This is a far cry from the early years of the S.League (the former name of SPL before 2018) when well-attended matches were the norm, the quality of play was decent and corporates were enthusiastic to associate the branding with the league.

The reduced funding impacts the salaries clubs can offer to prospective players for the next few seasons as almost all bar the Sailors rely on them for day-to-day operations and salaries for the playing, technical and administrative staff.

Yakob laments how the state of player welfare over the recent decades has now reached beyond the ridiculous, impacting the decision making of young players.

“They could make it a career before [in the early professional league years between 1996 and 2010]. During that time, the national team players were making around S$10,000 to S$15,000 a month with long-term contracts,” says the 60-year-old football coach.

“But now, if clubs are offering S$1,500 a month and some have part-timers getting more pay than the full-timers, it’s an eye opener for these youngsters [and their parents] to realise what is really happening.

“Such is the bad image the league is portraying that parents [and players] realise that a professional playing career won’t work. If you are telling me that a professional player is getting S$400 [a month] to play in the SPL because he is a student and is manipulated by the club, where are we going?”

Yap adds that such low salaries offered in the SPL rubs salt in the wounded dignity of young players, when other alternatives, including food delivery, provide better wages than kicking a ball.

“It is always a struggle for players, especially if you are a young prospect or just starting out,” he says. “Now some players do not even get that starting amount. I have heard some are even in the low hundreds, which is not even sustainable.”

Left stranded after contract expiry

Earning a decent wage is not the only struggle local footballers face when playing professionally, a durable contract remains a rarity despite a handful of clubs offering their playing staff two-year contracts.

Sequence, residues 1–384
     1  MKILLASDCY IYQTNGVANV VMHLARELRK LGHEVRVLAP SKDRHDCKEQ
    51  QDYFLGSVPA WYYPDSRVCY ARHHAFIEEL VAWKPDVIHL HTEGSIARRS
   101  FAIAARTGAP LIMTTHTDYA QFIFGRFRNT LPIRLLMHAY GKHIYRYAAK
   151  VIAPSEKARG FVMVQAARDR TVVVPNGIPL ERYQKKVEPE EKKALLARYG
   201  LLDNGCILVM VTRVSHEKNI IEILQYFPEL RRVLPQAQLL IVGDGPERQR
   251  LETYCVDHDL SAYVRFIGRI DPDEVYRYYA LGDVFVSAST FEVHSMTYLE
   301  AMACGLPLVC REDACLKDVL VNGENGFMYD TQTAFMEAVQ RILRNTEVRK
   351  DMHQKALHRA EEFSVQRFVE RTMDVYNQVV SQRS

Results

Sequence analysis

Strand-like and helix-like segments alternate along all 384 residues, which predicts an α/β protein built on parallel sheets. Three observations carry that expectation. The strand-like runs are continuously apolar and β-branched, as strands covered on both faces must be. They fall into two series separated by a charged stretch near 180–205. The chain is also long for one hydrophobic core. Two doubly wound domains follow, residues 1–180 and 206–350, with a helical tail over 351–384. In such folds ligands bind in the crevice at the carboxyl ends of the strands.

For many players past and present in the league, clubs would typically hand out one-year contracts. Some were even given 10 to 11-month contracts from the less well-off clubs, or before the mid-2010s, six-month deals.

The perennial plight of such stranded players from the past and present generations leaves Yakob saddened on the clubs’ shoddy human resource treatment for the yeomen service they gave on the pitch.

“From the retired players who have already experienced it themselves, they posted on social media, [citing] what happened and how the clubs treated them,” he says.

“One year, they had contracts and were looking for an increment of 100 or 200 dollars for the next season’s contract renewal. Just for this little bit, they were just asked to leave the club.

“By the time they already got the local transfer certificates, it was too late for them to sign for a new club.”

It was this uncertainty over their playing futures that eventually forced Syafiq and Lee to stop playing professionally.

After spending a second stint with Balestier Khalsa in 2016, Syafiq Zainal saw signs during his stalled contract renewal negotiations that he would not be retained and eventually decided to retire. (Photo source: Singapore Premier League / Facebook)

At the conclusion of the 2016 league season, Syafiq’s contract renewal talks with Balestier had stalled and there was a foreboding sense that things were not in his favour.

“I am not entirely surprised but at the same time, this thing is bound to happen,” said the 30-year-old retired forward. “Singapore football always has that edge of uncertainty sometimes, but as a professional, when you sign for a club, you complete it.

“Towards the end of that season, Balestier told me that whether they could renew my contract, they had to wait for next year’s budget from FAS and this and that. There was a lot of uncertainty.

“I was hoping that Balestier would provide a concrete offer, but they have already started signing a few players. I took these as signs that I should quit.

“[I see] no point going to other clubs because they would think my pay (Note: his Balestier salary in 2016 was split evenly between the club and FAS after the dissolution of LionsXII the previous year) is high.”

Lee was trialling with Warriors FC (previously known as Singapore Armed Forces FC) in early 2020 when word got around that the team would be sitting out due to financial woes.
“After being told late of my release from Balestier, Warriors was the only place left to go,” says the 25-year-old former defender.

“I was hoping they would overcome their financial issues so that I could play for them in 2020. It turned out that they had to sit out and it was too late to look for other clubs.”